There is a food cart right beside 7-11, that has the most tantalizing fried pork smell. They have chicharron bulaklak (pork intestines), fried tenga (pork ears), and pork chops. Dipping them in vinegar with garlic, chilies, and onions equate to a pork heart attack! Goes well with pusó, Cebu's rice that's cooked in a shell made of coconut leaves.


The Halo-halo craze in Tisa started last year with Melton's and Monbis'. These halo-halo joints became so popular that if you go during night time, you have to wait for an hour or longer to get your sweet cold treat. 

Mooonbis even has two branches on Katipunan St., to cater to their ever growing clientele. Add to the mix, Sol's and Hans' who are competing for the Halo-halo market.

Sol's Halo-halo

The Halo-halo in Tisa is not the typical Halo-halo that your Grandma used to make on a hot Summer afternoon. I've tasted all of the Halo-halo from these four stores (Melton's, Monbis', Sol's, and Hans') and they all have that special ingredient that makes their Halo-halo unique. One thing I noticed is that, except for Melton's, they don't use just plain shave ice. And they're so fond of ground peanuts. If you're allergic beware.

My suggestion is to do a separate Halo-halo outing. The wait time, especially during peak hours, is something to consider plus each place has limited number of servings based on the ingredients that they have on hand. 

Monbis' Halo-halo

and Hans' are open by 1 PM every day. Sol's and Monbis' are normally open by 6 PM. 

You might ask where each Halo-halohan is located, the perfect way is to walk the length of Katipunan Street. You can also ask anyone on the street, and they'll be able to give you directions. You can also use Google Maps.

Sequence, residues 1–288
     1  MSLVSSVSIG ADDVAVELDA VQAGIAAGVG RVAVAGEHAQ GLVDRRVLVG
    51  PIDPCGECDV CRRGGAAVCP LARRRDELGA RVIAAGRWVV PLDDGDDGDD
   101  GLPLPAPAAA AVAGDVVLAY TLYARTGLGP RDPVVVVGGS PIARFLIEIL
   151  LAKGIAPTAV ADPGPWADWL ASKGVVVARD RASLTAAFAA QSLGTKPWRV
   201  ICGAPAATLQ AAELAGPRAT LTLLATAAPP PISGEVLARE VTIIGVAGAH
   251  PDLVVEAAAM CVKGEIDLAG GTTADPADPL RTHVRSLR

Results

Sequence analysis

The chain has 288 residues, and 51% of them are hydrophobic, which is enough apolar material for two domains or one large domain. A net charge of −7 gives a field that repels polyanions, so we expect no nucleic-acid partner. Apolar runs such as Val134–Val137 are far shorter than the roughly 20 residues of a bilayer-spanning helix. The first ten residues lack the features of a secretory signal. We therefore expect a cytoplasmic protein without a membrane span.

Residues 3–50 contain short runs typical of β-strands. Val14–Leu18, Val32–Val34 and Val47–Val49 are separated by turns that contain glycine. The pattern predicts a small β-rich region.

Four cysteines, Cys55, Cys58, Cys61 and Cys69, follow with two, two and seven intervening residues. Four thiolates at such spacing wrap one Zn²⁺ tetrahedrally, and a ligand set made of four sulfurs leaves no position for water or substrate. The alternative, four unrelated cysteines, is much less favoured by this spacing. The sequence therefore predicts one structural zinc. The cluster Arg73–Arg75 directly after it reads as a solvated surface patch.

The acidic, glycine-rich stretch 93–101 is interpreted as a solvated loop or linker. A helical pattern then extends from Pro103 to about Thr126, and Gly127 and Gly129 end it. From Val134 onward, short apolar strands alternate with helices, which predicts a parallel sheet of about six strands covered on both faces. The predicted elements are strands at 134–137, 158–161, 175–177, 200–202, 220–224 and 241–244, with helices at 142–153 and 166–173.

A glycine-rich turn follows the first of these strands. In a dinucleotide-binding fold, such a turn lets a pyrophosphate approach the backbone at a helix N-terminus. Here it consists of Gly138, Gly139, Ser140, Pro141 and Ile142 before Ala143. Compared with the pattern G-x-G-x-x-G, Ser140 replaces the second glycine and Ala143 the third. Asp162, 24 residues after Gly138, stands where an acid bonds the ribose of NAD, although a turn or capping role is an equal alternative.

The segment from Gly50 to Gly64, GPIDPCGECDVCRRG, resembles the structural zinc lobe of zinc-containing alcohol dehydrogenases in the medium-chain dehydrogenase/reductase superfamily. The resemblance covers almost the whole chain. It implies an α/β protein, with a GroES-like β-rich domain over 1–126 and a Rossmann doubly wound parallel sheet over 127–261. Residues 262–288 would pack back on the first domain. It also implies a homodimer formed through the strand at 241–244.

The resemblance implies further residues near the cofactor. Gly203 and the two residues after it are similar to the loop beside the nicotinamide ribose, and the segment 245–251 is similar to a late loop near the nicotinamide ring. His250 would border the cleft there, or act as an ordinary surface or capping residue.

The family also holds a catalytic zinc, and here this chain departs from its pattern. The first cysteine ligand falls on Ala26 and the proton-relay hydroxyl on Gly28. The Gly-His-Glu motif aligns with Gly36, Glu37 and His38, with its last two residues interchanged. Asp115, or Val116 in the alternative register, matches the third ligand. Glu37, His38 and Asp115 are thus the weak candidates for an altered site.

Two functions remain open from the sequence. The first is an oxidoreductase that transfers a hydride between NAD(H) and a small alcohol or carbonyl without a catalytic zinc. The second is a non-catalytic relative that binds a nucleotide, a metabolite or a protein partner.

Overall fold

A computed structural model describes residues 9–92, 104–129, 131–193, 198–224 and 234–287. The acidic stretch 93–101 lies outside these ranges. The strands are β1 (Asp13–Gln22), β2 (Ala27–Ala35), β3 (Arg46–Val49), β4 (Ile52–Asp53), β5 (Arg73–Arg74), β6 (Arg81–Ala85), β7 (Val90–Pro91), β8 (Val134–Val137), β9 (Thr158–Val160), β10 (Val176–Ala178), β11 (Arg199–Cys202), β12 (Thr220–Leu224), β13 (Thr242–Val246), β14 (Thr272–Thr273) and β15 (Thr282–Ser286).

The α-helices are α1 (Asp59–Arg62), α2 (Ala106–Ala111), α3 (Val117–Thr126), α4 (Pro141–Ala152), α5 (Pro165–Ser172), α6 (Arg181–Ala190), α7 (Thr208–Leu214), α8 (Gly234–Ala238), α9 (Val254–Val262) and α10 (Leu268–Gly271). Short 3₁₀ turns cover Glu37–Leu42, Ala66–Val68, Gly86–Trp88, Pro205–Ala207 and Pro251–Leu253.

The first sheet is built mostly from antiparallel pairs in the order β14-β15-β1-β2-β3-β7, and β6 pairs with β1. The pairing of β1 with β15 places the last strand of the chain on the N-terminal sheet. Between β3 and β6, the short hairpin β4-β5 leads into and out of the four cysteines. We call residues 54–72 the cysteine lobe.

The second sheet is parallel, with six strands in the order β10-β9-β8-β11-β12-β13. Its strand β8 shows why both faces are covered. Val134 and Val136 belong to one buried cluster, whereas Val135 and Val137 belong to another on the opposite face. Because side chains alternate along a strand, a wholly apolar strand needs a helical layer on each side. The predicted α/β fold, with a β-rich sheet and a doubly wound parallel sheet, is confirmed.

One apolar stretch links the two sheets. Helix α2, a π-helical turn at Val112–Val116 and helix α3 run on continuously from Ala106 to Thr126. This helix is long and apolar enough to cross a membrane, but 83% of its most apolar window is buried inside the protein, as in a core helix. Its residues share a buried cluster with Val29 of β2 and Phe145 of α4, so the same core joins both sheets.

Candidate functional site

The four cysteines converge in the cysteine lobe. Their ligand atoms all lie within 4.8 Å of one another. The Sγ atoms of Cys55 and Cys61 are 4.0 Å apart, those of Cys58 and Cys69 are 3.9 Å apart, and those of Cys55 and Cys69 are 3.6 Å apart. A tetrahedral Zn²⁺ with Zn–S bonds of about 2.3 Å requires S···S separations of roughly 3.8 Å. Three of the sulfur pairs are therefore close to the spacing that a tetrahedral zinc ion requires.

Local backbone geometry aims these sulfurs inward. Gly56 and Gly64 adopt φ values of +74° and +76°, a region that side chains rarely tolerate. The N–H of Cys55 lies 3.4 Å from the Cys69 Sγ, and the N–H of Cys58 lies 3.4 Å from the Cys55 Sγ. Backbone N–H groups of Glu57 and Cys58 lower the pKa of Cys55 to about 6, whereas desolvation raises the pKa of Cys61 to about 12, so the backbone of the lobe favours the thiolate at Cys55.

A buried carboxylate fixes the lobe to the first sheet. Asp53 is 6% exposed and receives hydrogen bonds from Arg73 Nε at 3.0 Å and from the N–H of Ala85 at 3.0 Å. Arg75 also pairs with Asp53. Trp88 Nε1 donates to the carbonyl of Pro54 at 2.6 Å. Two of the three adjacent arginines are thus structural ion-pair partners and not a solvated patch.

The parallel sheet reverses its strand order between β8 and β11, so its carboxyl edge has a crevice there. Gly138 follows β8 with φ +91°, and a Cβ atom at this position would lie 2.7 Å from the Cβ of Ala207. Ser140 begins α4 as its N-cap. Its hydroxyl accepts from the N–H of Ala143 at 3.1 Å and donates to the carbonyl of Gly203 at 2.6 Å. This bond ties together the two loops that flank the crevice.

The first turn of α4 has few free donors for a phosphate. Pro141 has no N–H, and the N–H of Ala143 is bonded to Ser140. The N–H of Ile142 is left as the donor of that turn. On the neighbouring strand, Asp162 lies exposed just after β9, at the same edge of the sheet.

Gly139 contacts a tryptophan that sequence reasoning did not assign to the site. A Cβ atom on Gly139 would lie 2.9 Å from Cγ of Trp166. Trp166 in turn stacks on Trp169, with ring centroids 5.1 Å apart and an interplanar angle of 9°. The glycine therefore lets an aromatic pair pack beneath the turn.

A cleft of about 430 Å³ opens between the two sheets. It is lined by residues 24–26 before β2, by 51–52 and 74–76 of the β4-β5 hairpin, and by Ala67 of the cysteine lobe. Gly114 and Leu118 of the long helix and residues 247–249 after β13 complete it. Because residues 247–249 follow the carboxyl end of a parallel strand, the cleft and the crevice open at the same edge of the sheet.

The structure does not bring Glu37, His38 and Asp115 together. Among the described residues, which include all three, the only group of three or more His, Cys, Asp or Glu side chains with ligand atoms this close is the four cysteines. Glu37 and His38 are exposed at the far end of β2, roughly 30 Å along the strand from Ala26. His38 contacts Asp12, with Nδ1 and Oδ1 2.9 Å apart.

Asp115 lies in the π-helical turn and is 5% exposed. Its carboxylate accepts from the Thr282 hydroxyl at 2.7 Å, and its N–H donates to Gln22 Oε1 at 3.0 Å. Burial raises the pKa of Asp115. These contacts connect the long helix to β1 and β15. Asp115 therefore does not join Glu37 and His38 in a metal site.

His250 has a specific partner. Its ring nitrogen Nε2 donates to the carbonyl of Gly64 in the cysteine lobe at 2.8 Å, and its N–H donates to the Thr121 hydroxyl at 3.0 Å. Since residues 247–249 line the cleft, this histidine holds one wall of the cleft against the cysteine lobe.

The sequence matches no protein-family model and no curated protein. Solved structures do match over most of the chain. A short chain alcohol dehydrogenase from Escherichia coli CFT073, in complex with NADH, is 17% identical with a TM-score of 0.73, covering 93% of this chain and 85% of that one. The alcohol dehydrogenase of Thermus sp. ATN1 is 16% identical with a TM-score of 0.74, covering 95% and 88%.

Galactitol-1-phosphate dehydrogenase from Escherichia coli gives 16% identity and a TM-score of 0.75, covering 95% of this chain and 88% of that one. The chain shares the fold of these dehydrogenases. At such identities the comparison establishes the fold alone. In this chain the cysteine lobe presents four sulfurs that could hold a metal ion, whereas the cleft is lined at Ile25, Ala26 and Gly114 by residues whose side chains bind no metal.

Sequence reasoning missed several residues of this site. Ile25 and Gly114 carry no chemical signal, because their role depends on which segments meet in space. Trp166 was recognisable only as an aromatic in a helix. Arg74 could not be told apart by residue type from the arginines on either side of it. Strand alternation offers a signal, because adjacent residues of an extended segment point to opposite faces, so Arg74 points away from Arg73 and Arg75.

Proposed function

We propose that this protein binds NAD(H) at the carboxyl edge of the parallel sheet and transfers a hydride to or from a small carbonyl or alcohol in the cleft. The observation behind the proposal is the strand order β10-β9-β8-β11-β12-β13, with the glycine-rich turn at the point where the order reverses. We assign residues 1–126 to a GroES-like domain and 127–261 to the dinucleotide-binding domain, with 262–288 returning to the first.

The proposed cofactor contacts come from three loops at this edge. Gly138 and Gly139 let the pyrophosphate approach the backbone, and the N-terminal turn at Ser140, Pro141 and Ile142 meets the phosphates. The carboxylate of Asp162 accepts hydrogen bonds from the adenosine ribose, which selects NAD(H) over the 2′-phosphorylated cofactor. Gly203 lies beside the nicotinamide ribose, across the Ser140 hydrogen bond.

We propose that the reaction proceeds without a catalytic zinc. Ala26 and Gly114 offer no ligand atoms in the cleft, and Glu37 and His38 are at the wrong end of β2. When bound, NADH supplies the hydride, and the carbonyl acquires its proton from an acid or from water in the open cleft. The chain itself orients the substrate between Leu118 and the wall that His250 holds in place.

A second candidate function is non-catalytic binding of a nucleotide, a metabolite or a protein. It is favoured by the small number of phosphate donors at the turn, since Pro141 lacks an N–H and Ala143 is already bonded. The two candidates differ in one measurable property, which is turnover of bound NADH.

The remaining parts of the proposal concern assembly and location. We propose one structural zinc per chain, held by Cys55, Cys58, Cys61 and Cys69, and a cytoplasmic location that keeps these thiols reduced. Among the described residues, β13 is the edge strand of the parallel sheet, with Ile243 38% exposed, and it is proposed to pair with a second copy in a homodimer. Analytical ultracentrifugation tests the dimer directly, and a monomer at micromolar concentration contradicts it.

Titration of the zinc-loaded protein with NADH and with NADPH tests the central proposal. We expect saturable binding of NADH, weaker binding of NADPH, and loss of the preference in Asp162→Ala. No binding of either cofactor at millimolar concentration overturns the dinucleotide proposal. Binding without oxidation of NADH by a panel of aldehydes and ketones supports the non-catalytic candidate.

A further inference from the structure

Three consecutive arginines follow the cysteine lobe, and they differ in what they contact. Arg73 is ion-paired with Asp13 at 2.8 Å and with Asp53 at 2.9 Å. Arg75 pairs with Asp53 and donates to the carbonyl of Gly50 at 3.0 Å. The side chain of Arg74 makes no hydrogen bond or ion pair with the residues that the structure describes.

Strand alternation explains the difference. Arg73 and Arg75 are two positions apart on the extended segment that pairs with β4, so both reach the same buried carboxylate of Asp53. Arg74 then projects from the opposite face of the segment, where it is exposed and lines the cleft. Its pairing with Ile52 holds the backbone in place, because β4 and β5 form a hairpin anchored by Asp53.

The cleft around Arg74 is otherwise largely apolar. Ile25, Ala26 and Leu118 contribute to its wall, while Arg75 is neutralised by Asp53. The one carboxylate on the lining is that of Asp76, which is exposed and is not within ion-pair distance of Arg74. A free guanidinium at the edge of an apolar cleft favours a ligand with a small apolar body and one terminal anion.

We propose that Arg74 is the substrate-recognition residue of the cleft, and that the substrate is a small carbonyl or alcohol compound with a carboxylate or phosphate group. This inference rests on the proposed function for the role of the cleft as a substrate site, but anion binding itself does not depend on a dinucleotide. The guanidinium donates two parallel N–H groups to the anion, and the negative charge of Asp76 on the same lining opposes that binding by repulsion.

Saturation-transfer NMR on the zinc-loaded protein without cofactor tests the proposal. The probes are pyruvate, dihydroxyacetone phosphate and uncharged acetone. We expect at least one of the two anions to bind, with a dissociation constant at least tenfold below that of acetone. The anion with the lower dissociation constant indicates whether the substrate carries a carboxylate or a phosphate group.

There is a strong Chinese influence in every Filipino diet. Braddex has an extensive menu that consists of steamed rice toppings, siomai, siopao, fried spring rolls or lumpia, shrimp or crab dim sum, just to name a few. And of course, they also have on the menu their version of Batchoy. 

Whenever I go to their place, it's always full of diners. The price is reasonable and the food is tasty and served hot.

It's an alternative for those who wouldn't want to eat on the street and compete with all kinds of chaos. 

You can find Braddex between Sol's Halo-Halo and Monbis' Halo-Halo.

Puto't Sikwate

When we did our Tisa Food Crawl, I made sure that I was able to try their version of Puto't Sikwate. Since we did it during the evening, I was surprised that there was a stall that was serving this Breakfast treat at that time. 

The stall is located in front of the Public School and for 10 pesos, I had my fill of hot tsokolate espresso and sweet glutinous rice. Definitely, something to add to your list of street foods.

The Tisa Food Experience is Street Food at it's finest. Don't take my word for it, try it and you might find yourself doing it all the time.

The Visual Traveler in Tisa, Cebu City


Anonymous said…
I lived in Cebu for over 27 years of my life & with that period I never have really been to Tisa. With your blog it makes me consider to try to go to Tisa and try those street foods that I missed eating last year when I visited my hometown.
I never thought about going to Tisa as well but I said to myself it will be a good experience.
Anonymous said…
Very good write-up. I absolutely love this site. Thanks!
Anonymous said…
I could not resist commenting. Very well written!
Anonymous said…